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Home / Articles / Features / Help Me, Harlan! /  Men who don’t or won’t hear ‘no’ are no friends to women
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Sunday, March 25,2012

Men who don’t or won’t hear ‘no’ are no friends to women

By Harlan Cohen

Dear Harlan: A guy I'm friendly with has been hitting on me a lot. Lately, his attempts to win me over have been borderline creepy. How do I let him know this? I'd like to be friends with him, but I don't want to come off as sounding like a jerk. Is there a nice way to do this? — Not a Jerk

Dear Not a Jerk: Why do you want to be friends with this man? He sounds like a creep. When a man doesn't listen to "no," he's not interested in getting to know you; he's interested in controlling you. That should make you very uncomfortable. It might even scare you. If you haven't already told him, make it clear that he's making you uncomfortable. Explain that you can only be friends with people who respect your feelings – if you still want to be his friend, that is. As for sounding like a jerk, who cares? A woman who is honest and speaks from the heart doesn't need to worry about being called names. If anything, you won't look like an easy target. I know he hasn't threatened you, but it wouldn't surprise me if he eventually did. Let him know that he's making you uncomfortable. If he doesn't back off, cut him off and don't let him back in your life. You don't need this friend.

Dear Harlan: Why are some guys becoming shy, while others are overly cocky? The good guys are too quiet, and the cocky ones are too busy talking a big game. How can I find one of the good ones? — Stuck

Dear Stuck: More and more good guys think sharing their feelings makes them not good guys. So they convince themselves that doing nothing is nicer than doing something, and then let the cocky guys swoop in. After a while, a woman like you thinks all the good ones are taken, too shy or just gay. Want this to change? Make it safe for a man you like to want you. Make it clear that you're interested and available. How do you make it safe and maintain your dignity when making the first move? Show interest. Start a conversation. Do something together in a group. Ask him if he's single. Let him know you're single. Then, let nature take over.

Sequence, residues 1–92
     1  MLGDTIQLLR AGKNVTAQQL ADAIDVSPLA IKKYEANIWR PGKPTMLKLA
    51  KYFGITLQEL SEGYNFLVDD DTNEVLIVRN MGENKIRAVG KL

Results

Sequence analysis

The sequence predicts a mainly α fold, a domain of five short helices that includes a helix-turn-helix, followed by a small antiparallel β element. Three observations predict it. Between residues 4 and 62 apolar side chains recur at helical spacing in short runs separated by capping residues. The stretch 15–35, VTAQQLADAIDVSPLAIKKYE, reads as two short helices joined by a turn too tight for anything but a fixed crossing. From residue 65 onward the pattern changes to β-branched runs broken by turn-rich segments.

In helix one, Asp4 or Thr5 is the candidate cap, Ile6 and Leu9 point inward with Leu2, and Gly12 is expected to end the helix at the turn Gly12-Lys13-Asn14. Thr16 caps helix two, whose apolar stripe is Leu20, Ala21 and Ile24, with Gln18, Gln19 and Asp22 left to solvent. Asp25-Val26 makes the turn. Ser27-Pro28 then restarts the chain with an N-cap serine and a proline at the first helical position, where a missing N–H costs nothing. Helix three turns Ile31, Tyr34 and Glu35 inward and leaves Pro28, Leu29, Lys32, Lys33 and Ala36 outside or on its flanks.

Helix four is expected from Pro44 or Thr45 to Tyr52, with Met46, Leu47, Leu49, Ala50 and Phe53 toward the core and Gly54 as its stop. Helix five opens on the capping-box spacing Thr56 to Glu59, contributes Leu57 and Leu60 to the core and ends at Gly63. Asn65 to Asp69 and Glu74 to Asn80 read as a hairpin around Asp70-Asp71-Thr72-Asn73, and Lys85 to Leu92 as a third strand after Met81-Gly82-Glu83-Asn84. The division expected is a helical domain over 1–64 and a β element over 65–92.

Dear Harlan: I previously was engaged, and broke up with the one I loved. However, I'm still talking to my true love, who is in a committed relationship. How do I move on and choose a good guy again? I mean marriage-quality, because I'm done downgrading and "just giving them a chance.” — Done Downgrading

Dear Downgrading: Why are you talking to him? He's your ex for a reason, and it's for a good reason. Want to move on? Take a break from having him in your life. Give yourself a chance to be free of him. Then stop comparing everyone with him. Date to have new experiences. Date to have dinner with interesting people. Date to do interesting things with interesting people. Date to have fun and find someone you want to have fun with for the rest of your life. If you don't want to downgrade, go after the men you want. Removing the ex will help you create a void and will give you extra motivation to fill a need. (c) Harlan Cohen 2012. Distributed by King Features Syndicate Inc.

Harlan is the author of "The Happiest Kid On Campus: A Parent's Guide to the Very Best College Experience (for You and Your Child)" (Sourcebooks). Write Harlan at harlan(at) or visit online: All letters submitted become property of the author. Send paper to Help Me, Harlan!, 3501 N. Southport Ave., Suite 226, Chicago, IL 60657.


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